A New World Order
and Vermont. Two additional states, Pennsylvania and Maryland, as well as the District of Columbia, the Eastern Canadian Provinces and New Brunswick, are official "observers" of RGGI, meaning they may elect to join at a later date. Collective CO 2 emissions from the RGGI states are substantial in the global context, according to 2001 data from the Oak Ridge National Laboratory. The states have combined emissions of 527 million metric tons of CO2 (MMTCO2)-9.3 percent of total U.S. CO 2 emissions and nearly the emissions level of the United Kingdom. Collectively, the states are the fifth highest CO 2 emitter in the world.
The RGGI program currently covers CO 2 emissions from some 758 fossil fuel-fired electricity generating units (EGUs) having a nameplate capacity of 25 MW or more within the nine member states. Under the model rule being developed, CO 2 emissions from EGUs will be capped at specified levels that have not yet been determined. The model rule-due in April 2005-will outline the conceptual framework for the cap-and-trade program. After the program is up and running in 2006, participants may choose to expand the program to other carbon-intensive sectors to achieve further reductions.
Not surprisingly, recent modeling of the impact of RGGI on electricity prices conducted by Connecticut predicts that average wholesale electricity prices will increase significantly over the forecast period. Similar electricity price increases in the EU are forecast as a result of the EU ETS. 1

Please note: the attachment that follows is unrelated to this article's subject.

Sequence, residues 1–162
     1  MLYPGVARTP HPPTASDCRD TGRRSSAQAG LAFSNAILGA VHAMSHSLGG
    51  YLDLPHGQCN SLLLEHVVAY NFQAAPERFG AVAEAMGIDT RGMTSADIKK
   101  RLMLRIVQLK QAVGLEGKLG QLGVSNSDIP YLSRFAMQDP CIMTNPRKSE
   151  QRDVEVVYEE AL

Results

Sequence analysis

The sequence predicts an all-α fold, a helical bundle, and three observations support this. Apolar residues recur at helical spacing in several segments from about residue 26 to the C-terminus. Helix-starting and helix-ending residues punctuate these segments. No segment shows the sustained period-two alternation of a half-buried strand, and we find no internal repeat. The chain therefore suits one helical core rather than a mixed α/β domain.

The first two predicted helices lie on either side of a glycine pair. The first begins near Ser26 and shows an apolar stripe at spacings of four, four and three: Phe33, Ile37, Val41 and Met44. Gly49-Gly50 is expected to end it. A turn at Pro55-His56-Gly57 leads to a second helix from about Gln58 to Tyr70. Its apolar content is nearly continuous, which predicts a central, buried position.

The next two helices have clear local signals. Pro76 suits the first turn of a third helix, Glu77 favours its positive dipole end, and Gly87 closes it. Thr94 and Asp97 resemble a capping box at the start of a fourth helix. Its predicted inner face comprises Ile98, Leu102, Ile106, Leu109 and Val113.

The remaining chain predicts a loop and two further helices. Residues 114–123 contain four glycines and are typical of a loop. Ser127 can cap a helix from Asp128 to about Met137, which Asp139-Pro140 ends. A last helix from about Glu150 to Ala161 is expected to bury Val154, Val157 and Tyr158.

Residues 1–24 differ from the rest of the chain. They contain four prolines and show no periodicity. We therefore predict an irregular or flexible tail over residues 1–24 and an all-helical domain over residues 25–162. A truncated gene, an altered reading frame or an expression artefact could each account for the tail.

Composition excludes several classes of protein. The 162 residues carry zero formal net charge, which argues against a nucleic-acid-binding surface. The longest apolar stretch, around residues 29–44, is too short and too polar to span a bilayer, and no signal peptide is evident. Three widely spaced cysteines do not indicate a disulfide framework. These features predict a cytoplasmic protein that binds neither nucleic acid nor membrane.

EU Emissions Trading Takes Off
On Jan. 1, 2005, the EU commenced CO 2 emissions trading under the ETS. The program applies to some 12,000 installations, namely producers of energy, steel, cement, glass, ceramic, brick, pulp, and paper. The first phase of the EU ETS runs from Jan. 1, 2005, to Dec. 31, 2007. The second phase runs from 2008 to 2012. Under the ETS, each covered facility is required to hold a sufficient number of "allowances" (one allowance equals one metric ton of CO 2) representing its authorized level of CO 2 emissions, or its "cap." Each EU member is allocated allowances to its covered facilities pursuant to each country's National Action Plan. Before April 30 of each year, subject facilities are required to surrender a sufficient number of allowances covering their actual emissions for the year. To meet their emission caps, facilities can either reduce their CO 2 emissions down to their specified level, or purchase allowances from the emissions allowance market.
The EU allowance market will be supplied by excess allowances generated by facilities that have reduced their emissions below their caps. While allowances will be generated primarily by facilities within the EU, allowances may also be supplied by other non-EU CO 2 trading systems, pursuant to the EU's so-called Linking Directive. The Linking Directive allows EU ETS installations to purchase allowances from outside the EU to satisfy their emissions caps. 2 The Directive states that CO 2 emissions reduction undertaken outside the EU pursuant to the Kyoto Protocol's Joint Implementation (JI) and Clean Development Mechanism (CDM) programs may qualify for allowances that can be bought and sold